Not in the quarters which the right hon. Gentleman frequents perhaps. One would suppose that it involves a criminal offence for which some- body should be brought to book. The Admiralty have lately given careful consideration to this question. No doubt the precedents both in peace and war favour, though they do not enjoin, the holding of a court-martial when ships are lost or captured, but the circumstances and conditions of modern naval warfare are entirely different from all previous experience. In old wars the capture or destruction of ships was nearly always accompanied by an act of surrender which was a proper and very necessary subject for investigation by court-martial. But mines and submarines, especially submarines, create conditions entirely novel, presenting to naval officers problems of incomparable hazard and difficulty. In these circumstances a court-martial would frequently be inappropriate in our judgment, and often even harmful. Losses by mine and submarine must frequently be placed on the same footing as heavy casualties on land. They cannot be treated as presumably involving a dereliction of duty or a lack of professional ability. Thirdly, the speed and skill of modern operations, and the continuous demands on the attention of the Admiralty and on the services of naval officers, especially officers of high rank, make the actual holding of courts-martial very difficult and inconvenient. Energy ought not to be consumed in investigations and discussions of incidents beyond recall, but should be concentrated on new tasks and new difficulties. Nothing could be worse for the Navy or the Admiralty than for public attention or naval attention to be riveted on half a dozen naval causes célèbres which would give opportunities for most acrimonious and controversial discussions, and about which you may be perfectly certain two opinions would always remain at the close. When a clear case of misconduct or failure in duty can be presumed, a court-martial may be necessary. When technical or special matters are raised which it is desirable to elucidate with a view to precautions being taken to prevent similar accidents in the future, Courts of Inquiry have been and will be assembled, but in all these matters, I must respectfully claim, on behalf of the Board of Admiralty, an absolute discretionary power with regard to holding Courts-martial, or Courts of Inquiry, or the removal without trial of officers who have forfeited the confidence of the Board, or the publication of particular information on particular incidents. I ask the House, on behalf of the Board, for their confidence and support during the War in this respect. I would especially deprecate anything being done which tends to make officers, whether afloat or at the Admiralty, play for safety and avoid responsibility for positive action.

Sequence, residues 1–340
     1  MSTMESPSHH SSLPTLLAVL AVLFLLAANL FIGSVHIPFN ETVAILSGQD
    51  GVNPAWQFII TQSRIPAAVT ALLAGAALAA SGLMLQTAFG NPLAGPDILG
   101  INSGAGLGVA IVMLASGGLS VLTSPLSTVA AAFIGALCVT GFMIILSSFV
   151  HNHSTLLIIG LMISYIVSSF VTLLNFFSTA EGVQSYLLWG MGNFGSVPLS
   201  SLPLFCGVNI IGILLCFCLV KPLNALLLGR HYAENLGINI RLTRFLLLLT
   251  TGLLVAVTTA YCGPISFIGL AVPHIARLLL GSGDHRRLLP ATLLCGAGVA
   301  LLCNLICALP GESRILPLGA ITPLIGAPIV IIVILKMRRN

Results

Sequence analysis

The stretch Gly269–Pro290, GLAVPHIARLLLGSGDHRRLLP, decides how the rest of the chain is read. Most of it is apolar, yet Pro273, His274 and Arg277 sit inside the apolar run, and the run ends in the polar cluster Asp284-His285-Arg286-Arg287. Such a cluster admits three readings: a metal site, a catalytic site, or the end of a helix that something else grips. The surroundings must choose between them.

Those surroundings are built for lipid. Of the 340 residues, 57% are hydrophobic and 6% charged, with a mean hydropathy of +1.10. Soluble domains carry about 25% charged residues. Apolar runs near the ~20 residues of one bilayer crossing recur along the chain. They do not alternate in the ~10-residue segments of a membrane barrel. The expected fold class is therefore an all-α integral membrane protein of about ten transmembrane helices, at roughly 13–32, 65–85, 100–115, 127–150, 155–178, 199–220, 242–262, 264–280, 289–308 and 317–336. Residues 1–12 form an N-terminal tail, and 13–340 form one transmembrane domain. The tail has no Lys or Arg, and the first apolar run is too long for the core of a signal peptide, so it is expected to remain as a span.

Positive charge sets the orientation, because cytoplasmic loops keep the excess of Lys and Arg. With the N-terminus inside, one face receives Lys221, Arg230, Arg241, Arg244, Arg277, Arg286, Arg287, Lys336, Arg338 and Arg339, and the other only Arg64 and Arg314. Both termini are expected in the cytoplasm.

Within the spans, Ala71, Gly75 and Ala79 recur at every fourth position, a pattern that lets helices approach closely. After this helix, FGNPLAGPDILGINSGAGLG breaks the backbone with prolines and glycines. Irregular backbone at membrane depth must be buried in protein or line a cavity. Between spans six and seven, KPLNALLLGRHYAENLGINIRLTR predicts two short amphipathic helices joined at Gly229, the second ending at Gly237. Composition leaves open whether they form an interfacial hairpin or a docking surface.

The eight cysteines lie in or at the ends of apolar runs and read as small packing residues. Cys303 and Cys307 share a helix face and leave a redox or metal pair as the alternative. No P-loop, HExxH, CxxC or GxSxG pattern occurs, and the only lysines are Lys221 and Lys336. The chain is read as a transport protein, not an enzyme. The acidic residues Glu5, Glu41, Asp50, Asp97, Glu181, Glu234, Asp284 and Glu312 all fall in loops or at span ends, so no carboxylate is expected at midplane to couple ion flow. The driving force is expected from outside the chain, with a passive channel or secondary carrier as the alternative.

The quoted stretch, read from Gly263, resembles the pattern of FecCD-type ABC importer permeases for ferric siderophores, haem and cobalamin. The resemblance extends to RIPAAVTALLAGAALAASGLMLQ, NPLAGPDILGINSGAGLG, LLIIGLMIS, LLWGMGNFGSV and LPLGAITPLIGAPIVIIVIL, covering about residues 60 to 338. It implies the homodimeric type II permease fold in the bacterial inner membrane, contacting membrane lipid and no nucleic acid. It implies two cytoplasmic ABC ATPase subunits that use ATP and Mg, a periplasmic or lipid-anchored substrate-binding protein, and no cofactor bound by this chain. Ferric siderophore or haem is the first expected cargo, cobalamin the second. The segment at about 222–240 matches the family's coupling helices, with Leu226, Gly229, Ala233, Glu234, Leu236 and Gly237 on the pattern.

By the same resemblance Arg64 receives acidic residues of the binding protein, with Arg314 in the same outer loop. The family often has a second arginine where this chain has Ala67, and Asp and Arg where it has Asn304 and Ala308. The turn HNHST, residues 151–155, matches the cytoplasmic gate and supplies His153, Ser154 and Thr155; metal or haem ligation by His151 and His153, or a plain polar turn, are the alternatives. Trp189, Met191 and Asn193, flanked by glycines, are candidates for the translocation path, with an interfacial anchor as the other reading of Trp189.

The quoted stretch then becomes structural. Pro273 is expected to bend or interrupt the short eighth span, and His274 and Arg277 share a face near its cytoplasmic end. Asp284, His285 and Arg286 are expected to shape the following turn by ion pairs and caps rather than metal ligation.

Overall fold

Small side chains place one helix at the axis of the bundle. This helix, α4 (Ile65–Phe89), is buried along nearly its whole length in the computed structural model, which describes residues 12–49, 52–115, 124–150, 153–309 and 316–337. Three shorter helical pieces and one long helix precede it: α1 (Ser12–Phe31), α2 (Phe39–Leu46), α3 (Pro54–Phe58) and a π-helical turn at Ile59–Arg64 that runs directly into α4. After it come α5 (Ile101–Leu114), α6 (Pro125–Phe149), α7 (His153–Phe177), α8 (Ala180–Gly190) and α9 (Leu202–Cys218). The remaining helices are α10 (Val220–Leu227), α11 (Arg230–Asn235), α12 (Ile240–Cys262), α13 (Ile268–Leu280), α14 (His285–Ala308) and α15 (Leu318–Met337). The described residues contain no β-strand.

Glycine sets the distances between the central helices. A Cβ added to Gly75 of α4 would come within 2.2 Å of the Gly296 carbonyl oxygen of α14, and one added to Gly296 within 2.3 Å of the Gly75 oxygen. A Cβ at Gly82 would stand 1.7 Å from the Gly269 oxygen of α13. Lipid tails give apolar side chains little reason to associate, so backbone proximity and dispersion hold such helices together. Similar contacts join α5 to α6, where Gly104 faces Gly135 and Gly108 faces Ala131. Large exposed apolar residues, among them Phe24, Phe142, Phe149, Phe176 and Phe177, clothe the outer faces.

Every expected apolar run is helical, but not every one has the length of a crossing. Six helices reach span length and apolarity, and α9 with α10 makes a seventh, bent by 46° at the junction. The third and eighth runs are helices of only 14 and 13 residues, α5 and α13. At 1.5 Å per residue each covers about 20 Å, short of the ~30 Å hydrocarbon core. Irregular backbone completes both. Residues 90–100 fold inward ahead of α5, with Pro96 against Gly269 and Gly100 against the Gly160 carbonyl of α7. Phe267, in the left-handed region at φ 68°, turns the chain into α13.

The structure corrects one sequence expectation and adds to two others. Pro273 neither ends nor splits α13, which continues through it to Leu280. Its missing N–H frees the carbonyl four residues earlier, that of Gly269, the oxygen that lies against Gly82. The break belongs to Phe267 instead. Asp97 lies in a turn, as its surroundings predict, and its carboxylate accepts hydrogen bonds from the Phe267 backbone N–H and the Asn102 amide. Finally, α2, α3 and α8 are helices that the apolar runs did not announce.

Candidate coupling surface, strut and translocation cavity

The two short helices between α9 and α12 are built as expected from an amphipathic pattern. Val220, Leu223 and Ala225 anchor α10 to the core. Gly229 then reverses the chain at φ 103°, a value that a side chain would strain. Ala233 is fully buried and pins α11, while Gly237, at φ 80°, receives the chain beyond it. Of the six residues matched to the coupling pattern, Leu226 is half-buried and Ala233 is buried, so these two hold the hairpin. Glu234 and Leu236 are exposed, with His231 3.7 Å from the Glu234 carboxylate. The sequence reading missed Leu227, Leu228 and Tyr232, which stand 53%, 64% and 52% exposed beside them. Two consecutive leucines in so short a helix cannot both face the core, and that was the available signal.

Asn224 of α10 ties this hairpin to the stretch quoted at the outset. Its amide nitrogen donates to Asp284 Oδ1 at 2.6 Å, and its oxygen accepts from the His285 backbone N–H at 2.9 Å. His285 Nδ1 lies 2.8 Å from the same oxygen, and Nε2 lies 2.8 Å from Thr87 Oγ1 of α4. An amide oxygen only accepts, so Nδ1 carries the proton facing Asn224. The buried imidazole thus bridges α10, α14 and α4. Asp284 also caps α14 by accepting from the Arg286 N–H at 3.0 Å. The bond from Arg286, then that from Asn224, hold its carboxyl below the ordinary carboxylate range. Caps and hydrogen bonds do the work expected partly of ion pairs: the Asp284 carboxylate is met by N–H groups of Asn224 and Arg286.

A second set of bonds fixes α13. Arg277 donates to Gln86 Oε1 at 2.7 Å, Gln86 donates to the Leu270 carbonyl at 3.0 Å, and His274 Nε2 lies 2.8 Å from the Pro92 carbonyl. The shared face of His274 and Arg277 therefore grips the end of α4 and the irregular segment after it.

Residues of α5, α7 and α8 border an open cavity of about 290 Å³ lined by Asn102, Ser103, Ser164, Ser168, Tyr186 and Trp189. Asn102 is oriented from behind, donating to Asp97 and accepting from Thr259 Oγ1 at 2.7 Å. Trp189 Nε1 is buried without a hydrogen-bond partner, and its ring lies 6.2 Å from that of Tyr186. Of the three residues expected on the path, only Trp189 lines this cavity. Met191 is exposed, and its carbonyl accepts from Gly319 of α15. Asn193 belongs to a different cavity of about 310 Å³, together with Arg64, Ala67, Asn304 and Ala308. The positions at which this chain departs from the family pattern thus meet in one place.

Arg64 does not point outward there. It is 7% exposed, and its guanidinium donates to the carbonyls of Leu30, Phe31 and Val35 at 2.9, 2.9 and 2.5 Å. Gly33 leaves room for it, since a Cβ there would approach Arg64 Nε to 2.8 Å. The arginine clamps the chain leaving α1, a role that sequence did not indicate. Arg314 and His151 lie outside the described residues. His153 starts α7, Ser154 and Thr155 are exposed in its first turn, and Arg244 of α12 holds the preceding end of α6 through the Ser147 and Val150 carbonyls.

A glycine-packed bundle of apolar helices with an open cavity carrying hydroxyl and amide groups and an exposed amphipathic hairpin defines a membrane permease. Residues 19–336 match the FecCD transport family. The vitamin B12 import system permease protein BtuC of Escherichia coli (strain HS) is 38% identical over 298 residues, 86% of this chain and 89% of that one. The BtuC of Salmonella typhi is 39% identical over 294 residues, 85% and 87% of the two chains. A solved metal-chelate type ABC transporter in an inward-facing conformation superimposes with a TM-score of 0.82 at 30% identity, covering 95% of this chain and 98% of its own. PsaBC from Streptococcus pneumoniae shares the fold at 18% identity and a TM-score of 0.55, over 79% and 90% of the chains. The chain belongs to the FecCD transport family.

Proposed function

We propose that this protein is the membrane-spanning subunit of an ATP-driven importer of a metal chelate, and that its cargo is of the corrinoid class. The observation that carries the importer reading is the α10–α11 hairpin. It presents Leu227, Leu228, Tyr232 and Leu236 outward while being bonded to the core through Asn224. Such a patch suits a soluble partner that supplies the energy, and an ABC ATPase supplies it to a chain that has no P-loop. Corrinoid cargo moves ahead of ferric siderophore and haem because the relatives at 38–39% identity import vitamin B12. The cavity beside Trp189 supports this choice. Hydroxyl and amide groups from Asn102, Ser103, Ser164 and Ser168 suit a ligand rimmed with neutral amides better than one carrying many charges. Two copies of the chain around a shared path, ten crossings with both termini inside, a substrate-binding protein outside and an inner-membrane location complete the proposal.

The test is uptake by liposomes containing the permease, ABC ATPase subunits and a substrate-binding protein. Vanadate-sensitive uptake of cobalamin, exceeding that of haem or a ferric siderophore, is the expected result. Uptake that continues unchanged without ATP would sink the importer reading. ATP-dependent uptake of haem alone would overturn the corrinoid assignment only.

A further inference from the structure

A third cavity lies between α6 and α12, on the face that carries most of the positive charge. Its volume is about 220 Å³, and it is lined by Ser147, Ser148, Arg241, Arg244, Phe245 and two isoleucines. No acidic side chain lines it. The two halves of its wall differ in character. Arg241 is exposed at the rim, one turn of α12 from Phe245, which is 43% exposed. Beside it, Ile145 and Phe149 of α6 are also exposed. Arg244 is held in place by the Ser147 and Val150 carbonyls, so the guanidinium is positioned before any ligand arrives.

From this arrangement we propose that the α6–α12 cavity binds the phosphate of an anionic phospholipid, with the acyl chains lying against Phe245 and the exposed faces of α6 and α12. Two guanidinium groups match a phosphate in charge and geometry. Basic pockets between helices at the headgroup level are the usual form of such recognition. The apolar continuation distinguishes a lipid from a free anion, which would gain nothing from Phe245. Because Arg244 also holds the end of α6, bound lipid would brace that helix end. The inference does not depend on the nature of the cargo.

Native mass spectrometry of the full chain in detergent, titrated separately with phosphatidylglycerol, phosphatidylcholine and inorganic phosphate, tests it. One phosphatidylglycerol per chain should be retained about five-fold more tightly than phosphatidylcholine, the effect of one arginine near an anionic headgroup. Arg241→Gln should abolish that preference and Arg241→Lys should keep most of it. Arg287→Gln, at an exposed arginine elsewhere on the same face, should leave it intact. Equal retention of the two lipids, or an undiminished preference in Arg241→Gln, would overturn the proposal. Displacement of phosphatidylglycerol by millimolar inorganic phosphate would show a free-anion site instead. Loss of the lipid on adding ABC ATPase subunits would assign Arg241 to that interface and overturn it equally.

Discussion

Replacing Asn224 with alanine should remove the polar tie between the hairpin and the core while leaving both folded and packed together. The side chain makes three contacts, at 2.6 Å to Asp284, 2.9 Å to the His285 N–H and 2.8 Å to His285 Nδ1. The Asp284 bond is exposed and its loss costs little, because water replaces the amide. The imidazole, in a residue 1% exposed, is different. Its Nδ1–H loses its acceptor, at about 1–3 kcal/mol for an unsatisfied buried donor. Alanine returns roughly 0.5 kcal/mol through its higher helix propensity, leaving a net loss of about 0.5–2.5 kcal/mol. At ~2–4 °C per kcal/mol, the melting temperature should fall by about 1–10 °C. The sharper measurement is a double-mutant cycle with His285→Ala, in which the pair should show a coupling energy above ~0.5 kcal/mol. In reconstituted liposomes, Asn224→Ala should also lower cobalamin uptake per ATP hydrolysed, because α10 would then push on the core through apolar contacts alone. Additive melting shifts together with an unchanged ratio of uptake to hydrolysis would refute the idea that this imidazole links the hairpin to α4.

Losses have to be incurred in war, and mistakes will certainly be made from time to time. Our Navy keeps the sea; our ships are in constant movement; valuable ships run risks every day. The enemy is continually endeavouring to strike, and from time to time accidents are inevitable. How do you suppose the battle-cruiser squadron of Sir David Beatty was where it was when the action of 24th January took place? How many times is it supposed that the squadrons of the Grand Fleet, the cruiser and battle squadrons, have been patrolling and steaming through the North Sea, always exposed to risk by mine and torpedo, before at last they reaped their reward? If any mood or tendency of public opinion arises, or is fostered by the newspapers, or given countenance in this House, which too much of our losses, even if they are cruel losses, and even if it may be said that they are in some respects avoidable losses, then I say you will have started on a path which, pressed to its logical conclusion, would leave our Navy cowering in its harbours, instead of ruling the seas. When I think of the great scale of our operations, the enormous target we expose, the number of ships whose movements have to be arranged for, the novel conditions to which I have referred, it is marvellous how few have been our losses, and how great the care and vigilance exercised by the admirals afloat and by the Admiralty Staff, and it appears to me, and it will certainly be regarded by those who study this War in history, as praiseworthy in the highest degree.